Porphyria Educational Services
All information published in the Porphyria Educational Services Monthly Newsletter is
to provide information on the various aspects of the disease porphyria and it's associated
symptoms, triggers, and treatment.
Columnist and contributors and the information that they provide are not intended as a
substitute for the medical advice of physicians. The diagnosis and treatment of the
porphyrias are based upon the entire encounter between a physician and the individual
Specific recommendations for the confirmed diagnosis and treatment of any individual
must be accomplished by that individual and their personal physician, acting together
Porphyria Educational Services in no way shall be held responsible in part or whole for
any injury, misinformation, negligence, or loss incurred by you. In reading the monthly
newsletters you need to agree not to hold liable any contributing writers.
Reducing Stress Stragegies
It is a known factor that too much stress can help trigger acute attacks of
WHile there are both positive as well as the negative stress, we
all need to learn to reduce the negative stress in our lives.
For the acute porphyria patient, stress reduction is critical.
Some strategies for reducing negative stress include the following:
(1) Planning ahead. Always plan your day regardless if you are
experiencing a porphyric episode or are in remission.
By planning your day, this can help a person feel more in control of their life.
(2) Getting up earlier to get things done before the hectic morning rush is important
By doing unpleasant tasks early in the day a person will be
done with those tasks.
(3)Always keep a written schedule of your daily activities so that you're not faced with conflicts or last-minute rushes. This is always important for porphyria patients because of accidential chemical exposures triggering an attack, or because of a
neuropathy pain flare-up that can happen at any time.
(4)It is important for the individual person to decide what they can do now and what can wait.
Simplify your schedule.
The porphyria patient must prioritize, plan and pace themself.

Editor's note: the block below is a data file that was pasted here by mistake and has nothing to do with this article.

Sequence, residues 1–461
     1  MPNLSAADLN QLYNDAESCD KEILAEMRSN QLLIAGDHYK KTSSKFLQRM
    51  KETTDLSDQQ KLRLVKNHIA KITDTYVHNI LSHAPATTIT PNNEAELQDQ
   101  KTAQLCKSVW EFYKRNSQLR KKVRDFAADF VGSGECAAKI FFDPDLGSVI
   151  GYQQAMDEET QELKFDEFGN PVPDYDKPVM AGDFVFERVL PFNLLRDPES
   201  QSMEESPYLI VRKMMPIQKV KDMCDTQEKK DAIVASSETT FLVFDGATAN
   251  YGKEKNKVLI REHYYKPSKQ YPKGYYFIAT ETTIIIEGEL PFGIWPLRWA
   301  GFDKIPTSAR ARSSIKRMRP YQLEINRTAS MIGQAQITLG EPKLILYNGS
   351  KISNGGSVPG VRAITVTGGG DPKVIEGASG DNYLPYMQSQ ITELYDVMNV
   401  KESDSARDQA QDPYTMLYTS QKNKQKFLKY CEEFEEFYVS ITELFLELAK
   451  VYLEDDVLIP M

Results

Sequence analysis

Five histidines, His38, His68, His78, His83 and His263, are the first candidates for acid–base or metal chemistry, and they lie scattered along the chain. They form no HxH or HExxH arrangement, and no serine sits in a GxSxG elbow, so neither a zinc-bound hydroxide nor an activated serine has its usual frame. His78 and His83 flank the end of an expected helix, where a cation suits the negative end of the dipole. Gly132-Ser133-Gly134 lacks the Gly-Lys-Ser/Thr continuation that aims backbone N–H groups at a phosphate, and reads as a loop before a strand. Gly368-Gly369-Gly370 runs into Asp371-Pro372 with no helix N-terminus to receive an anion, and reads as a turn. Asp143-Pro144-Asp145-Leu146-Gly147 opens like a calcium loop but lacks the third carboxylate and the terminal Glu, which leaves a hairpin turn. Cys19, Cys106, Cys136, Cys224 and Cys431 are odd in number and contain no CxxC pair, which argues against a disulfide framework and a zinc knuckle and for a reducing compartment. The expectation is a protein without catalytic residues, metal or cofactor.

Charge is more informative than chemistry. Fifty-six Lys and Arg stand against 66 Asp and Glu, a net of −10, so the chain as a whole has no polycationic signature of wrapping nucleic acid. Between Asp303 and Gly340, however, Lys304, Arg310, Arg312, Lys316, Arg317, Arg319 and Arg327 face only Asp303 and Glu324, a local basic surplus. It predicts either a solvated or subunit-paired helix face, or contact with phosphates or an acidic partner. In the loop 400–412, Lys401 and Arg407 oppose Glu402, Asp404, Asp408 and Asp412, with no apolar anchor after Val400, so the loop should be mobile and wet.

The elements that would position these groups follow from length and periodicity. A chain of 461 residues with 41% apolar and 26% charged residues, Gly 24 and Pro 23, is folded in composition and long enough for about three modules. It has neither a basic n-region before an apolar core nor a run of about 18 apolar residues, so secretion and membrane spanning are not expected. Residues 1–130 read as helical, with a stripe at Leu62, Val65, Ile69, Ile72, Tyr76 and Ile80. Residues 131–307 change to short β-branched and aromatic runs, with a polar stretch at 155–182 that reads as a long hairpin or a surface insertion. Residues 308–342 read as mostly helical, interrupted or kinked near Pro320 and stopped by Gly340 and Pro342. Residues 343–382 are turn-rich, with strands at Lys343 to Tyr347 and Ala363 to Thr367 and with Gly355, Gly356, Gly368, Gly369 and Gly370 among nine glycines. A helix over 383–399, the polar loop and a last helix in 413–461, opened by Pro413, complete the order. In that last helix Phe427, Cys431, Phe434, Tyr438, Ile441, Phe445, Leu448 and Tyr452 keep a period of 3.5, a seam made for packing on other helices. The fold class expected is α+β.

(5) Learn to delegate responsibility to others at home and at work. Say no to added responsibilities or commitments if you're not up to doing them.
Especially important is not to feel guilty if you aren't productive every
Organize your home and work space so that you know where things
Keep your house, car and personal belongings in working order to prevent
untimely and stressful repairs.
Being organized also means having your personal binder with
all of your porphyria medical data contained within.
a simplified process of being admitted to the hospital when needed.
It means maintaining an up-to-date listing of current medications as well as a current unsafe drug list, copies of
diagnosis, standing orders, brief medical history, insurance
information, and a brief descrption of porphyria and your
type and therapy protocol.
(7) In reducing stress it is important to take time to relax, stretch or walk periodically during the day. This is excellent therapy for
PN associated with porphyria.
(8) Exercise regularly. Again exercise is important to controlling PN and pain.
Regular physical activity helps loosen your muscles and relieves emotional
intensity. Try to exercise for a total of at least 30 minutes most days of the
(9) Sleep is essential. Get enough sleep. This can give you the energy you need to
face each day.
(10) Remember your nutrition. Eat well. Be sure that your diet contains a good mixture of carbohydrates, especially complex carbohydrates.
(11) Change the pace. Occasionally break away from your routine and explore new
territory without a schedule. Take a vacation
even if it is only for a day.
(12)Allow for time for social engagements. Being with others can
allow a person to be "other focused" for a period of time. It can be uplifting
to one's spirit and lifting of one's mood, which is especially fragile
in acute porphyria.
(13) Be positive.
Avoid negative self-talk.
Spend time with people who have a positive outlook and a sense of humor.
Remember that laughter actually helps ease pain.
Laughter is known to release endorphins which are chemicals in your brain that give you a sense of well-being.
(14) Keep yourself connected to a support system.Recognize when you need the support of family and friends. Talking about your
problems with others can often relieve pent-up emotions and lead to solutions you hadn't thought of on your own.
(15) Be hopeful. "Rome was not built in a day" and neither will the
cure for porphyria. Remember that just a few decades ago most porphyria types